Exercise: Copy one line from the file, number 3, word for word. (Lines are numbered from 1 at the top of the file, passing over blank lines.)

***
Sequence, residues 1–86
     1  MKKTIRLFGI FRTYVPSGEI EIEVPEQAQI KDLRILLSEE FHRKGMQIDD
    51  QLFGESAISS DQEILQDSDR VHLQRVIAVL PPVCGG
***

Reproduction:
    51  QLFGESAISS DQEILQDSDR VHLQRVIAVL PPVCGG